Other assertions are equally silly. The claim that the College's Honor Code will go down the drain when men come along? That's based on nationwide statistics. It also ignores that R-MWC's Honor Code was more-or-less copied from hugely-successful honor codes at nearby men's colleges such as Hampden-Sydney, Washington & Lee, UVA, and VT. The latter three are, of course, coed now, but weren't back when their honor codes were first put into place. Certainly the men haven't ruined the honor system at any of these schools. Getting honor codes to work is a matter of finding students who will buy into the system; men won't automatically wreck them. Besides (and yes, this is purely anecdotal), I've found that among my students, the women cheat at about the same rate as the men.

Look, don't get me wrong here. I'm a big fan of single-sex education. In fact, I'm far more of a fan of single-sex women's education than I am of single-sex men's education. Women's colleges produce a far higher percentage of science and math majors than do coed schools. They produce women who are more assertive, more likely to assume leadership roles after college, and higher rates of postgraduate studies. These are all good things. It's not entirely clear to what extent women's colleges are the cause of such things (it could be a case of self-selecting). But as long as they are doing what they are doing, then I'm all for continuing it. And yes, I'll be sad to see R-MWC change its character. But the fact is that private schools have to compete on the open market. And R-MWC isn't competing all that well. Other Virginia women's colleges are improving while R-MWC is moving backward. That's sad, but it's a fact. It's losing money and losing prestige. The market has spoken, and the verdict is not so good.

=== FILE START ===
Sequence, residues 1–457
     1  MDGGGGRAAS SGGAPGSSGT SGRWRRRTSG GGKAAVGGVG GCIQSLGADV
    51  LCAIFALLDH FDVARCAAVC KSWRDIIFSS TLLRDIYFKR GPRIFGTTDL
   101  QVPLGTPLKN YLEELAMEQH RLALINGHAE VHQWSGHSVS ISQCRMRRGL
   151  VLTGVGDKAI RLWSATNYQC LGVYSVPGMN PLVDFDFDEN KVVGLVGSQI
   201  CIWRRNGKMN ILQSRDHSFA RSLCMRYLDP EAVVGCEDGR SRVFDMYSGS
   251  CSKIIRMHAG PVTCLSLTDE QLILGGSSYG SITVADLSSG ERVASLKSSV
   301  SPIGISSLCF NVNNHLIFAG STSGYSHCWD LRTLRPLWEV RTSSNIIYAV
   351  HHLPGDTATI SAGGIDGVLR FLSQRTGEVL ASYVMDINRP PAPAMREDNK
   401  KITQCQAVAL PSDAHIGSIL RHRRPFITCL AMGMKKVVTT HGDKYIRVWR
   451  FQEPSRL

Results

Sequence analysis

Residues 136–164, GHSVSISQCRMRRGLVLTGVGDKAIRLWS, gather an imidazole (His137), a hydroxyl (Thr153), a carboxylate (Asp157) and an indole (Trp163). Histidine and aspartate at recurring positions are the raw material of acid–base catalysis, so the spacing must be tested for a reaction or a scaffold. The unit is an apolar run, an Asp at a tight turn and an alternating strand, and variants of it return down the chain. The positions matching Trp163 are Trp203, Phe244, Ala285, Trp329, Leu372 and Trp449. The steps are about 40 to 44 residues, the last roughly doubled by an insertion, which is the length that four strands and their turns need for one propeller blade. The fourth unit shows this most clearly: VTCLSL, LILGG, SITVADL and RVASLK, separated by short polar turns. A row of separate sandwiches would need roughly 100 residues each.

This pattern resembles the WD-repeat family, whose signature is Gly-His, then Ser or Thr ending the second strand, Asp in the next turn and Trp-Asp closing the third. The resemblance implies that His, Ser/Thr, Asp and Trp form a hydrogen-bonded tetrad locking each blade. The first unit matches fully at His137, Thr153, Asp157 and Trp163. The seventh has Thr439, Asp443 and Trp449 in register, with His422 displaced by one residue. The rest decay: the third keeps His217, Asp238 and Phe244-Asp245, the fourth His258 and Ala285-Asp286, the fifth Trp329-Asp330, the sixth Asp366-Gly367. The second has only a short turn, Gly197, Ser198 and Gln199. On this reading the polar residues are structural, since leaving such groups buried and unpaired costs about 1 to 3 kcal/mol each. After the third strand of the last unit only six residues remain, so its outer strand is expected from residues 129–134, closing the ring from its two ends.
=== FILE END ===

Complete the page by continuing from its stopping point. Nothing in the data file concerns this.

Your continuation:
Is it possible that R-MWC could re-market itself and thrive. Sure. That would require dipping way into its endowment (the College is currently operating in the red, so it would have to use its endowment as operating capital; I'm no business expert, but that strikes me as being a bad sign). And the strategy is pretty risky. The numbers aren't nearly as hopeful as PEC makes out, and it's not like lots of really good, budding intellectual young women are all that excited about moving to a town that is pretty seriously dominated by Jerry Falwell and his fundies. It just strikes me that suing a school that is making a dramatic change because it is losing money is, well, somewhat counterproductive. Perhaps the alumnae in question might have used its $200K to fund a new marketing campaign. Or to offer some scholarships in order to land a few women who otherwise would have headed off to UVA or Chapel Hill. Or to hire a few splashy, big-name faculty members.

OTOH, the other day, my four-year-old has decided to attend "Mommy's college, not Daddy's." I'm certain that Matthew will make Randolph College proud.